Yojimbo – As I have said in the past, I have gotten in the habit of throwing any document it can handle into Yojimbo . It has quickly become the center of my Mac universe. Not only do I use it for general information and document storage but I use it for a good many of my text processing needs. If I need to write a quick letter, take some notes, flesh out an idea – I use Yojimbo. I also use the sync services capabilities of Yojimbo to keep all of this stuff synced between machines through .Mac. Therefore, I simply took my Yojimbo database from another machine, replaced the “old” one on my PowerBook and all was well.
MacJournal – Everything I don’t write in Yojimbo I generally do in MacJournal. All of my journal posts, for instance, are written using MacJournal. It has a number of great features (the full screen mode is the best available in my opinion). The one that saved me though was “Download Entries from blog…” which synced all of the “missing” entries. Therefore all of the blogs posts that were missing from MacJournal were synced back. Zero loss.
These things, combined with the fact that so much of my other stuff is managed in web apps like Basecamp and Backpack, made all of the difference in the world. Through them, I basically have regular and consistent offsite backup. This, to me, is the real promise of the convergence of broadband, web 2.0 and online storage. The ability to not only have my information ubiquitously at any machine I am at but also to have multiple backups should anything go wrong locally.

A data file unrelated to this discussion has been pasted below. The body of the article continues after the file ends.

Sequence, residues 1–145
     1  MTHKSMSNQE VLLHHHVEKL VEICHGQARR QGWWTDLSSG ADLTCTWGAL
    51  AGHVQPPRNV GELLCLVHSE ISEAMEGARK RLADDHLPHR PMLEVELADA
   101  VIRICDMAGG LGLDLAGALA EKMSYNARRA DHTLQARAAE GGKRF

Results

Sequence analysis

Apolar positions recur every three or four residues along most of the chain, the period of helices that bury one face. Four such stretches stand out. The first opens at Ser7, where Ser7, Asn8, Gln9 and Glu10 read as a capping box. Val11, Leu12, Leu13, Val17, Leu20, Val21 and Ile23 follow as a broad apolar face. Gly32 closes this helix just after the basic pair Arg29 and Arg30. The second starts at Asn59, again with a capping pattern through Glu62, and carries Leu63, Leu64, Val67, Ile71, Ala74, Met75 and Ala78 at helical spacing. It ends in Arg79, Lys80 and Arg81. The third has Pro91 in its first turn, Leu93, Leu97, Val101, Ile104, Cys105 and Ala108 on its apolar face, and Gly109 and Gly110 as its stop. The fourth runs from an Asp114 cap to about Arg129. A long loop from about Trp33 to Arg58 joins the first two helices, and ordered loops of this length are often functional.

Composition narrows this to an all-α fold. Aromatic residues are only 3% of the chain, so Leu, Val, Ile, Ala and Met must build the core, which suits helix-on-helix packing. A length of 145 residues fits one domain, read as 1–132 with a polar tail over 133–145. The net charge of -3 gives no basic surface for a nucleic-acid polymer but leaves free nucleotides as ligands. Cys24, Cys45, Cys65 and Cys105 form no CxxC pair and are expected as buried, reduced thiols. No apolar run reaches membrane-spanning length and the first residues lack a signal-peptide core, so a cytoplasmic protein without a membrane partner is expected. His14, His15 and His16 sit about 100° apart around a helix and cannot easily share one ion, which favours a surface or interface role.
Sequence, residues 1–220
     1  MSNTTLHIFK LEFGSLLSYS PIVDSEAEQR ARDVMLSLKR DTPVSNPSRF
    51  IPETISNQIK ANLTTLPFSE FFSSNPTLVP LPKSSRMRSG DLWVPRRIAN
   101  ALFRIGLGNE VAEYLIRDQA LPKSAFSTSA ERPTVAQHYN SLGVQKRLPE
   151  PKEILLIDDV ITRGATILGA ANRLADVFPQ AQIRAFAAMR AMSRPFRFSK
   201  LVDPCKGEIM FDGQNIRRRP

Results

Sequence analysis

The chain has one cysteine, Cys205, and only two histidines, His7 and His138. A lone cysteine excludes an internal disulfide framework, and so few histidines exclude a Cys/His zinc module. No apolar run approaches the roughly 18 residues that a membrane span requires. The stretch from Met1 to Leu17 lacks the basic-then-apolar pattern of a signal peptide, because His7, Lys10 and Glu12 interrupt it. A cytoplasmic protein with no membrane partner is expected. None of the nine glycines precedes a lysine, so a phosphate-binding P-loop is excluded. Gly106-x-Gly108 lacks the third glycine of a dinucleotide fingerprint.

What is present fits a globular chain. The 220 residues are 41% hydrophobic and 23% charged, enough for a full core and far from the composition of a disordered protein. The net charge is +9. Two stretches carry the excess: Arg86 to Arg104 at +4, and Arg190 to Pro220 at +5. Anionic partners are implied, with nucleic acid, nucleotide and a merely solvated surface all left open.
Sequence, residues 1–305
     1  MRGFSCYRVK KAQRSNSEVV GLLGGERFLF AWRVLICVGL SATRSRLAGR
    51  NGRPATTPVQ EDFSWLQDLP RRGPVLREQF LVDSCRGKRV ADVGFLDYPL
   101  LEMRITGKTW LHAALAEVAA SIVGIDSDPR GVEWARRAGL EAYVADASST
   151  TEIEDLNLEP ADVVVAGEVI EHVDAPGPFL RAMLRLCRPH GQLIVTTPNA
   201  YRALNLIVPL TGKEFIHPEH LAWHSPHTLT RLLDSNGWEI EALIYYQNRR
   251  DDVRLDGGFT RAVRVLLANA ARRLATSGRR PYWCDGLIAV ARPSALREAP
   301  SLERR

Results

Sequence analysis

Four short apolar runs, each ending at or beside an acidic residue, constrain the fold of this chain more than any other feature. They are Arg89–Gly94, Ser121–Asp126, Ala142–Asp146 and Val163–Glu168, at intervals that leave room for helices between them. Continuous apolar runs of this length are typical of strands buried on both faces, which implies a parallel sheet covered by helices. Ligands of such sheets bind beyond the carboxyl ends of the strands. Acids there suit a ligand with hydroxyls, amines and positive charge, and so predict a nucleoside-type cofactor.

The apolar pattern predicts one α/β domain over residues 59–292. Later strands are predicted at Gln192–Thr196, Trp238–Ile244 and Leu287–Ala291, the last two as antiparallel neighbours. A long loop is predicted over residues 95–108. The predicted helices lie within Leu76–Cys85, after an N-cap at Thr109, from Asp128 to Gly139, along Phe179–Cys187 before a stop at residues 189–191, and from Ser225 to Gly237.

Macworld Bound

I will be leaving tomorrow for Macworld in San Francisco. While my schedule is pretty full, I have absolutely no plans and don’t know anyone else who will be there tomorrow (Sunday 1.7.07). That being said, if any of my readers are going to be around in San Francisco and would like to get together for dinner and/or drinks, shoot me an e-mail to patrick -at- patrickrhone.com.
Sorry for the late notice… Been a busy week…

Remainders 01.04.2007

OmniGroup is holding an OmniFocus meetup next Monday at The Apple Store in San Francisco. OmniFocus is the much anticipated GTD app they are working on. I will be there. (via 43 Folders).
Speaking of 43 Folders… Merlin posts a great list-up of the most popular GTD posts on 43 Folders. If you’re looking for a good place to get going with GTD, start here.
Here is another Moleskine GTD Implementation. Looks like lots of people are breaking in the new year with new systems.